KILLING an engine in your car is no fun at all. It’s messy, it puts your wheels off the road and it’s not too healthy on the back pocket either.
This article was first published in the June 2004 issue of Street Machine
Just ask Col Palmer — he’s been racing Chryslers down the quarter mile for years now and after a long affair with nitro, he’s seen the light.
So what was the turning point?
Not too long ago he was punting an old VJ Dodge ute up and down the streets with more than the occasional blast down Kwinana’s quarter mile. It wasn’t a bad old beast that Dodge. It weighed a heap and consumed parts faster than a recycling yard, but it could also trip the lights in 10.32 at a healthy 127mph — no wonder, with 340 cubes of finest Mopar and an extra 175hp-worth of nitro.
It wasn’t all fun and games though, and after it killed the engine for the third time Col thought there just had to be a better way to sprint quarters. Firstly there was the weight. That old Dodge weighed too much and it was causing havoc with the rest of the drivetrain, especially the 727 Torqueflite auto. Col had a few let go — the last one through the finish line — and the damage from the explosion convinced him of the value of a ballistic blanket. It’s damn hard to race with no legs.
So he needed something lighter, but still Chrysler. No point being silly about these things — it’s not like he was about to go and buy a Holden or anything like that.
A search through Chrysler’s inventory turned up some interesting vehicles but the two-doors were dropped as they’re just too common at the drags. Col liked the idea of making a four-door family grocery-getter into a quick beast and his gaze fell upon the obscure Chrysler Centura.
At 1200kg it was light enough, and the fact that there was plenty of room for the big hemi six meant there was more than enough room for a small block Mopar V8. There was also the bonus that the obscurity of the Chrysler Centura made it a cheap buy with immaculate versions going for a few grand.
A poo-brown Centura for 1000 bucks from a deceased estate turned out to be the one. It was rust-free and straight, and the crook colour didn’t matter since it was going to be painted anyway. Granny had looked after it — with only 92,000km on the clock the Centura was one sweet machine.
Sweet or not, it didn’t take Col long to strip out the non-essentials, cut the rear out of the old girl and weld in a full mild-steel cage and a sizeable pair of tubs for the wide, sticky rubber that was to come.
With the running gear ripped out Col had the guys at All Bright Paint and Panel de-badge and strip the low mileage machine. He also had them weld up the fuel filler flap on the driver’s side rear quarter before squirting it with a colour Col calls Mystery Purple. The original buckets were dumped in favour of some Sparco race seats, re-trimmed in a distinctly non-factory grey along with the rest of the interior. Autometer gauges keep tabs on just about everything from water temperature and oil pressure to the alignment of the planets.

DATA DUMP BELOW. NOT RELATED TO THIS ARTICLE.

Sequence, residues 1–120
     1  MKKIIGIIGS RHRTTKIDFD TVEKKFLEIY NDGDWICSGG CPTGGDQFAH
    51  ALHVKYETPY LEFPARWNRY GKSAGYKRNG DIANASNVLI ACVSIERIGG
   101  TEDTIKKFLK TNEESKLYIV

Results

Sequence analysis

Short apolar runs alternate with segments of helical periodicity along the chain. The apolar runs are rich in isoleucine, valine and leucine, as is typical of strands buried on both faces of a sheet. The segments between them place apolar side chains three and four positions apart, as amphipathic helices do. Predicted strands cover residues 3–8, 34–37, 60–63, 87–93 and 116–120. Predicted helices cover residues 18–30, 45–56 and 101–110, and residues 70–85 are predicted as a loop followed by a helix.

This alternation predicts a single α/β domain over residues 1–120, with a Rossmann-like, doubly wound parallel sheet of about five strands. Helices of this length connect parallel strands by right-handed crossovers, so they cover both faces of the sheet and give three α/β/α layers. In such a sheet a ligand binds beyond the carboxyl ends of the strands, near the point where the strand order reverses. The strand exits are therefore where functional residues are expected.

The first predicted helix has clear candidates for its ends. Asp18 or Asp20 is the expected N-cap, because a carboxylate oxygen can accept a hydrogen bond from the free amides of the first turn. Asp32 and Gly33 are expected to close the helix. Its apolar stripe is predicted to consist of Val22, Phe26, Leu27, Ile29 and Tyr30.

With the Centura already looking one hundred per cent better than any ever left Tonsley Park, a pair of 15×12 Cragar Dragstars were fitted under the rear, with 13.5in-wide Mickey Thompsons. Up front a set of 3.5in-wide Cragar’s took a set of M/T front runners. A white bumble-bee stripe across the arse makes this Centura a sight to behold.
What about motivation though? Col had plenty of experience with Hemi sixes but he knew the small block was more reliable. He briefly considered a 340 but a high failure rate with nitro knocked that idea down. How about one of those 360 Chryslers though? You rarely see a broken one and it’s practically a bolt-in proposition with the light Centura shell — a match made in Mopar heaven.
So he gave up the evil blue bottle and turned to the turbo instead.
He set about creating the mother of all Mopar small blocks, a relatively low-revving piece that would torque its way down the blacktop.
If 360 cubes are good then 408 are better, and it was pretty easy to achieve with a cast 4in Mopar stroker crank. Custom Ross pistons, fitted to Eagle rods, squeeze the intake charge against a pair of ported Edelbrock aluminium heads, shooting 480 horses through the rear tyres.
That 408 doesn’t do it all on its own though — a largish Garrett TV70 turbo jams the air into an XF Falcon throttle body on the front of an aluminium plenum which sits atop a Weiand tunnel ram.